The Double Gauss objective optimizations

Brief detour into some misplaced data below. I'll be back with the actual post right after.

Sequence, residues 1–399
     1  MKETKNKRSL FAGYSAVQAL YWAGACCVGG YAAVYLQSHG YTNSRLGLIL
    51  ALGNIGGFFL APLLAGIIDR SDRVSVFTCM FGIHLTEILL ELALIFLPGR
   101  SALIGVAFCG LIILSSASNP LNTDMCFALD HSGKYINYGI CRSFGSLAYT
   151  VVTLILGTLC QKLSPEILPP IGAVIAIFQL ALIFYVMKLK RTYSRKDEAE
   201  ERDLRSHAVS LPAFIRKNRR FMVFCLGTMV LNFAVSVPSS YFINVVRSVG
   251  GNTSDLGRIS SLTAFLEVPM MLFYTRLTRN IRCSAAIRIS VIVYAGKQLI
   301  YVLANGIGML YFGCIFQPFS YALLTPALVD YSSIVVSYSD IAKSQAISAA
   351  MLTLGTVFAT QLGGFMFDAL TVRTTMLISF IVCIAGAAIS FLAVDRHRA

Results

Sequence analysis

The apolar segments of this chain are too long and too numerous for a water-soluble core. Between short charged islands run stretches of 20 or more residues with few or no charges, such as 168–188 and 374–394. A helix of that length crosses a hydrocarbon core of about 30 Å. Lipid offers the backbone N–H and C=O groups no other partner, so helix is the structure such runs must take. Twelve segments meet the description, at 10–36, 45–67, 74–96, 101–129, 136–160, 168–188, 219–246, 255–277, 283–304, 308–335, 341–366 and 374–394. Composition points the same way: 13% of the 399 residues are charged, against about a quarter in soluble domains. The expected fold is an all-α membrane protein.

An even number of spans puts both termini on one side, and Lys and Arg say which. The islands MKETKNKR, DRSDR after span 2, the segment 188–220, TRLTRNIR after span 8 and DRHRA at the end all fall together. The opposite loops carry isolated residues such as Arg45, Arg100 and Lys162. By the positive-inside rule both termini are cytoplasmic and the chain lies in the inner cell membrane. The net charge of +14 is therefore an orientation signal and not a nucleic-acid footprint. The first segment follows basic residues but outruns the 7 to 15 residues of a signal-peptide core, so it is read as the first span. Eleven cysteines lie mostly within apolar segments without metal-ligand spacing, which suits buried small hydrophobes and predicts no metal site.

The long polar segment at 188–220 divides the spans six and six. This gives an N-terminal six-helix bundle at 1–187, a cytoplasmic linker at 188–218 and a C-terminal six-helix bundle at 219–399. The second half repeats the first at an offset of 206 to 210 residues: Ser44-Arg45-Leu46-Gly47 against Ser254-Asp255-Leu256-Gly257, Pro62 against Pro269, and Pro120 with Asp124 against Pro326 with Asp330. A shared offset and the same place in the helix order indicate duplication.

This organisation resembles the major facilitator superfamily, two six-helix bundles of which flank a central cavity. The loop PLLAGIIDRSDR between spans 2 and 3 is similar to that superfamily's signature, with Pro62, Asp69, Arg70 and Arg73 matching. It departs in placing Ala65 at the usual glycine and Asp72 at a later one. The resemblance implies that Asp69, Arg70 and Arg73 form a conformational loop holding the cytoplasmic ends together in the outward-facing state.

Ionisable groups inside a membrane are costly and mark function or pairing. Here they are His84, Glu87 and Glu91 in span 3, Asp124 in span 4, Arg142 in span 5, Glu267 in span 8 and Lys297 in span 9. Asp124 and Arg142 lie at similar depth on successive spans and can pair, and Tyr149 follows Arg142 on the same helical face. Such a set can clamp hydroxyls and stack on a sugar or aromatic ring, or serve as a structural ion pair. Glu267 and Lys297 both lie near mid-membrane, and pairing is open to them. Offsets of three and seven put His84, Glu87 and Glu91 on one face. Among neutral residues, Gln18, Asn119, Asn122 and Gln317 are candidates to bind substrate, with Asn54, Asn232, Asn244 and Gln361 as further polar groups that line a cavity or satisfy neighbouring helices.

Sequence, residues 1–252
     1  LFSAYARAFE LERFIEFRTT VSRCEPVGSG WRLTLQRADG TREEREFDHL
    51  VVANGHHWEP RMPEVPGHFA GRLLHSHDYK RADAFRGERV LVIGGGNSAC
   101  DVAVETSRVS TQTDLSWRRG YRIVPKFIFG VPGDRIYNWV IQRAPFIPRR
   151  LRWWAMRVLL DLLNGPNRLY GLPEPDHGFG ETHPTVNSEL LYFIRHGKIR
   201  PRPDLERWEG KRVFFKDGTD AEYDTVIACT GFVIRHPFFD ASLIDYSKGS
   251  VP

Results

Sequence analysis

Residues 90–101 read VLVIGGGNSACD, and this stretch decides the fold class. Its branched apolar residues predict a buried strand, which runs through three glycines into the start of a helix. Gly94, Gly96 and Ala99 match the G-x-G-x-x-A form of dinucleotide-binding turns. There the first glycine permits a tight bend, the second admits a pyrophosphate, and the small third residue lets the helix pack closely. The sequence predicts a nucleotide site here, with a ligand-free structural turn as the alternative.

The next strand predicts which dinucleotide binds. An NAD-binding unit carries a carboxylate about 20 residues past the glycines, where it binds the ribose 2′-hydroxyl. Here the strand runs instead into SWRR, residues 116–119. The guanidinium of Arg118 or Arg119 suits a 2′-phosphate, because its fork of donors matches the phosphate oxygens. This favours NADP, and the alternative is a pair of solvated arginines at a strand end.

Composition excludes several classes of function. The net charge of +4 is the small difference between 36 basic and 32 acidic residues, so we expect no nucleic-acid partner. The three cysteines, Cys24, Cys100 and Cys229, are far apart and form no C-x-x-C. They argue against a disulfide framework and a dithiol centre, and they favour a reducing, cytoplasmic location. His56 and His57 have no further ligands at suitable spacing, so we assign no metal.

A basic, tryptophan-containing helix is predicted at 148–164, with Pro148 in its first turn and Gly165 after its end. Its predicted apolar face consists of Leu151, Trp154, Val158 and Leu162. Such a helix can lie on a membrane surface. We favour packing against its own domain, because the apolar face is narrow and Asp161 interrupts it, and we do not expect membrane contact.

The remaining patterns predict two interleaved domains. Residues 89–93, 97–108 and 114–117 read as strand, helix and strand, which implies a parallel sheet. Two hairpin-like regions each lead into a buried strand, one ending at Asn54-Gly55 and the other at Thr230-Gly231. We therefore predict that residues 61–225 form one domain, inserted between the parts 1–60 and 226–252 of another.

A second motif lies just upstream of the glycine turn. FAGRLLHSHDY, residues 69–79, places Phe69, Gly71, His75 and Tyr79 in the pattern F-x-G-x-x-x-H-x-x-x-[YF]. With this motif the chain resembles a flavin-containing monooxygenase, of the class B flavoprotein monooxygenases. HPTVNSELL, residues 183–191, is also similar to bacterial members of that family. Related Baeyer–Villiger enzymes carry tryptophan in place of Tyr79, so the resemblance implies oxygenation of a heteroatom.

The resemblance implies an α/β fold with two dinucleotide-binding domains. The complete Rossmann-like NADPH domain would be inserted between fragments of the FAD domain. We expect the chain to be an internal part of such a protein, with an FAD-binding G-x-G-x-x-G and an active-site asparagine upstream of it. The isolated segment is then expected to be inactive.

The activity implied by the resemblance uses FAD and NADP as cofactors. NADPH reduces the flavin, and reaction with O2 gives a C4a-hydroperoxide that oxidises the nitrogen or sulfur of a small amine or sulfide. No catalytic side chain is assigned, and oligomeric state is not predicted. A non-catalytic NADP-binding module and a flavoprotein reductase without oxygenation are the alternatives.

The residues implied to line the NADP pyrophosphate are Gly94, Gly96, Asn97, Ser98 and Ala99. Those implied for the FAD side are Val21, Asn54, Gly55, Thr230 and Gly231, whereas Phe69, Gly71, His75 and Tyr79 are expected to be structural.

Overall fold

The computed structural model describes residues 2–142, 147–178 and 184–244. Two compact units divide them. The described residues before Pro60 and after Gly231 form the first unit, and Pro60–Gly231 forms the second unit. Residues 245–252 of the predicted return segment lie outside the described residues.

The mathematician Gauss once suggested that a telescope objective could be made with two meniscus — shaped elements. The idea was that such a system would be free from spherochromatism. However, this arrangement has other serious disadvantages and it has not been used in any large telescope. After lot of experiments it was recognised that two such objectives mounted symmetrically about the central stop might make a good photographic objective. One of the most popular Double Gauss objectives is designed in the famous German optical company Zeiss and it was called Biotar. The Biotar objective in its basic form consists of a single positive lens, followed by a negative meniscus doublet that is concave to the rear, followed by another negative meniscus doublet that is concave to the front, and a final positive single lens. The thicknesses of meniscus components are approximately equal and the arrangement of refractive indices is often symmetric with n1≈ n6, n 2 ≈ n5 and n3 ≈ n4. This is an exceedingly powerful design form, and many high performance objectives are modifications or elaborations of this type. If the back focal length is made short and the elements are strongly curved about the central stop, fairly wide fields may be covered. Conversely, a long system with flatter curves will cover a narrow field at high aperture.
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